When Mr. Saada rushed in, thinking he had made it just before closing time to buy bread, Ms. Sibony urged him to leave, and then he turned around and Mr. Coulibaly shot him in the back. And when Mr. Hattab — the customer who came in for a bottle of wine — tried to fire at Mr. Coulibaly with an assault rifle that was left on a pallet of flour bags, Ms. Sibony said she watched with horror as Mr. Coulibaly killed him with a bullet to the head.
Some hostages, helped by Lassana Bathily, a Muslim employee from Mali who was praised as a hero and later became a French citizen, hid in the basement. Those who remained upstairs were told by Mr. Coulibaly to sit in the aisles and to give their names, ages, jobs — and religions.
Almost all were Jewish. One 3-year-old boy, who had witnessed the whole attack, started vomiting.
The attack ended when the police stormed in and killed Mr. Coulibaly.
“The only motive for these crimes is the origin, real or presumed, of these people; their Judaism,” Galina Elbaz, a lawyer representing the International League Against Racism and Anti-Semitism, said at the trial.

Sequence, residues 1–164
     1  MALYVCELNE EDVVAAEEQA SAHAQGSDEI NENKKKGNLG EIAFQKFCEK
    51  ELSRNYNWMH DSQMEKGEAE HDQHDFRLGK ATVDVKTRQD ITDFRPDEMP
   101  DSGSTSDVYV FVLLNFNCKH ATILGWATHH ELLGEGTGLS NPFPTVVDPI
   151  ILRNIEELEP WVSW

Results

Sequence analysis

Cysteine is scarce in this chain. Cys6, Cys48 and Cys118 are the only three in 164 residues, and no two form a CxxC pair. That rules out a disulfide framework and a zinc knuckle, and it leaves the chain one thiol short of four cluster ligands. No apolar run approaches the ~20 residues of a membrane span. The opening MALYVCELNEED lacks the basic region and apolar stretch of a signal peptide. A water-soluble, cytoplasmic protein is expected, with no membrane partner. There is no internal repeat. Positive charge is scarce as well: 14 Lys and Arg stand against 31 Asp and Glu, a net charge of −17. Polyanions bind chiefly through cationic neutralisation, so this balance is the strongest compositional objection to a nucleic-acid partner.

“It’s the conspiracy-minded idea that originated with the far right, the idea that Jews have a grip on power,” she said.
Some lawyers for the former hostages have complained that the prosecution has not done enough to convey the extent of Mr. Coulibaly’s anti-Semitic motives. His frightening arsenal — two handguns, two assault rifles and enough explosives to bring the building down — show that he never intended to let any hostages out alive, they say.
One of the remaining mysteries about the events in 2015, which was raised by some at the trial, was the question of whether Mr. Coulibaly had intended to carry out another massacre in a southern suburb of Paris on the day before the hostage-taking but was diverted when he came across Clarissa Jean-Philippe, a 26-year-old police officer.
Ms. Jean-Philippe was killed by Mr. Coulibaly as she was inspecting a minor car accident shortly after 8 a.m., right when classes were starting at a Jewish school that was less than 1,000 feet away and that may have been his real target.